Figure 1 (A) Distribution of primary diagnoses among subjects. The subjects consisted of six patients (18.8%) with benign lung disease and 26 patients (81.2%) with malignant tumors; 59.4% (19/32) had lung cancer (17, NSCLC; two, SCLC). (B, C) Circulating KL-6 and TARC/CCL17 levels according to disease.
Abbreviations: NSCLC, non-small cell lung cancer; SCLC, small cell lung cancer; KL-6, Krebs von den Lungen-6; TARC/CCL17, thymus and activation-regulated chemokine/CC chemokine ligand 17; NHL, non-Hodgkin’s lymphoma; NTM, nontuberculous mycobacterium.

Table 1 Patient’s characteristics of study population
Note: The total number of the disease described in this table overlaps each other. *Family history of malignant tumors and lung cancer was presented to prove that genetic bias did not exist in our study population.
Abbreviations: COPD, chronic obstructive pulmonary disease; NTM, nontuberculous mycobacterium infection; ILD, interstitial lung disease; SD, standard deviation.

Serum levels of circulating KL-6, SP-D, SP-A, and TARC/CCL17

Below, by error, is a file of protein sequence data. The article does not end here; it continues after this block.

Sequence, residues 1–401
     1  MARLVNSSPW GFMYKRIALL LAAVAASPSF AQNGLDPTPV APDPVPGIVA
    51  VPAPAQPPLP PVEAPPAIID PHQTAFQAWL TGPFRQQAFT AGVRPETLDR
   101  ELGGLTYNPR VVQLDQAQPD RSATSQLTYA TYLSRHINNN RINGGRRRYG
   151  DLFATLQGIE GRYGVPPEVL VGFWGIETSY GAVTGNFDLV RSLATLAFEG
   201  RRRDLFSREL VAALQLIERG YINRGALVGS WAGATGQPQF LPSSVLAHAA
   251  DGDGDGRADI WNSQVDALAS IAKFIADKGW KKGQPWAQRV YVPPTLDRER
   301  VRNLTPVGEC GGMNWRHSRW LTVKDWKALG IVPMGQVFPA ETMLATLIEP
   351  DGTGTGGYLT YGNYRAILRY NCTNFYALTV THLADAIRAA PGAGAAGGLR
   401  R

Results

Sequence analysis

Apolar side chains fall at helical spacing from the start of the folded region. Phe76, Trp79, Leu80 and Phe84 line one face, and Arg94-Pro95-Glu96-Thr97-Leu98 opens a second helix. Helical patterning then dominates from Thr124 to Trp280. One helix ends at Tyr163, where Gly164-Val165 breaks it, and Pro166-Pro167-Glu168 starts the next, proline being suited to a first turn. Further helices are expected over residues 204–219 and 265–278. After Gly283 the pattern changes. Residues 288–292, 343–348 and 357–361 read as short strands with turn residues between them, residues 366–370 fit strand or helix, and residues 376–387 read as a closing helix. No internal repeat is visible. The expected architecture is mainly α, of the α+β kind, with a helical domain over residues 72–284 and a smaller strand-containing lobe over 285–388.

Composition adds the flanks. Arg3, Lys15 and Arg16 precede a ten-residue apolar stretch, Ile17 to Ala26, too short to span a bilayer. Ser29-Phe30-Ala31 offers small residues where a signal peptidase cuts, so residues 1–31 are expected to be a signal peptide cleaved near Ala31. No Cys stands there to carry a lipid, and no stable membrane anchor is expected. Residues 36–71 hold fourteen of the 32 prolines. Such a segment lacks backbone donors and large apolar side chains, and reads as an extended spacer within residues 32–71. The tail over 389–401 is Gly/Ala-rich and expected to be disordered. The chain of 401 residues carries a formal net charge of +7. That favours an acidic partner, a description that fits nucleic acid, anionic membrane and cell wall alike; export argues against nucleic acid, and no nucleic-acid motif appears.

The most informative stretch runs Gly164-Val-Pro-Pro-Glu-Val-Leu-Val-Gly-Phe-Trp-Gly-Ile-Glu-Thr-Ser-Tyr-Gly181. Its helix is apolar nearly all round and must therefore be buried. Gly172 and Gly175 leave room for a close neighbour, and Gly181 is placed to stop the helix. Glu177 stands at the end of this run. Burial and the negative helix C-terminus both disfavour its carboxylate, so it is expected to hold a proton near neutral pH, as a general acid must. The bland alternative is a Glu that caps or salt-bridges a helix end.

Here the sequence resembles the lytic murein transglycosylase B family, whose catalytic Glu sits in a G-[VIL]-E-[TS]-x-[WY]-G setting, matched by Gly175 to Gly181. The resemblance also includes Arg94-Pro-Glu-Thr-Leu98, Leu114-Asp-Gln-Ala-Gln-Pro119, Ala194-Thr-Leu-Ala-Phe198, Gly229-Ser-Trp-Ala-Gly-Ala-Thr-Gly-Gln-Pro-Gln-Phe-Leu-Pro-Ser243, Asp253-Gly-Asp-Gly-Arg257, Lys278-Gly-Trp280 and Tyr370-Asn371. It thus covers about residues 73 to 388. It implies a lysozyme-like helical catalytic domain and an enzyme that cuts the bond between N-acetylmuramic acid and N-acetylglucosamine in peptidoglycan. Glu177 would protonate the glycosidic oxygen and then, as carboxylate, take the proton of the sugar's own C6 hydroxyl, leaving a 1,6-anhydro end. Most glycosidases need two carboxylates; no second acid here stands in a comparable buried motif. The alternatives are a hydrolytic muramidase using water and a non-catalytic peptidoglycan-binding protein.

The sensitivity, specificity, and prevalence rates associated with the cutoff levels of each marker in this study are shown in Table 2. The receiver-operating characteristic curve of each marker clearly revealed the superiority of TARC/CCL17 as the surrogate marker for detecting ILD compared to KL-6, SP-D, and SP-A (Figure S1). For further analysis, KL-6, which is thought to be a standard surrogate marker to detect ILD, and TARC/CCL17 were used. SP-D and SP-A were excluded because of the low sensitivity of SP-D and low specificity of SP-A. Circulating KL-6 and TARC/CCL17 levels according to disease are shown in Figure 1B and 1C. There were no significant differences in the serum concentrations and positive ratios of KL-6 and TARC/CCL17 between the patients with malignant tumors and those with BLD (Figure 2). Next, we examined KL-6 and TARC/CCL17 levels in the patients with NSCLC and BLD (Figure 3). The circulating KL-6 levels tended to be higher in the patients with NSCLC than those observed in the patients with BLD, although the difference was not significant (P=0.254) (Figure 3A). In contrast, the circulating KL-6 positive ratio (0.705; 95% confidence interval: 0.44–0.896) was significantly higher in patients with NSCLC than in those with BLD (0.167; 95% confidence interval: 0.0042–0.64; P=0.022), but no significant difference was observed in the circulating TARC/CCL17 positive ratio (Figure 3B). This tendency was also observed in the patients with NSCLC without ILD and those with BLD without ILD (Figure 3C). These results indicated that KL-6 may not be suitable as a biomarker for ILD in patients with NSCLC. To assess the possibility of using TARC/CCL17 as an early diagnostic biomarker for ILD, we compared the serum KL-6 and TARC/CCL17 concentrations between the patients with malignancy with and without ILD (Figure 4). The TARC/CCL17 concentration was significantly higher in the patients with malignant tumors and ILD (575.6±315.2 pg/mL; n=9) than in the patients without ILD (252.8±110.7 pg/mL; n=17; P=0.015) (Figure 4A). In contrast, there was no significant difference in the concentration of circulating KL-6 between the patients with malignancy with and without ILD (malignant tumor with ILD [n=10]: 817.7±976.8 U/mL vs malignant tumor without ILD [n=17]: 619.4±591.6 U/mL; P=0.507). The positive ratio of circulating TARC/CCL17 was significantly higher in the patients with malignancy and ILD than in those without ILD (P=0.00011), but no significant difference in the circulating KL-6 positive ratio was observed between the patients with malignancy with and without ILD (P=0.31) (Figure 4B). Among those with NSCLC or all recruited patients, similar results were obtained (Figures 5 and 6). These results suggest that TARC/CCL17, but not KL-6, can be a useful biomarker for the detection of ILD. Subsequently, we performed multivariate analysis using logistic regression models to confirm the superiority of TARC/CCL17 as a surrogate marker to detect ILD. The result revealed that TARC/CCL17 was an independent factor for the detection of ILD (Table S2).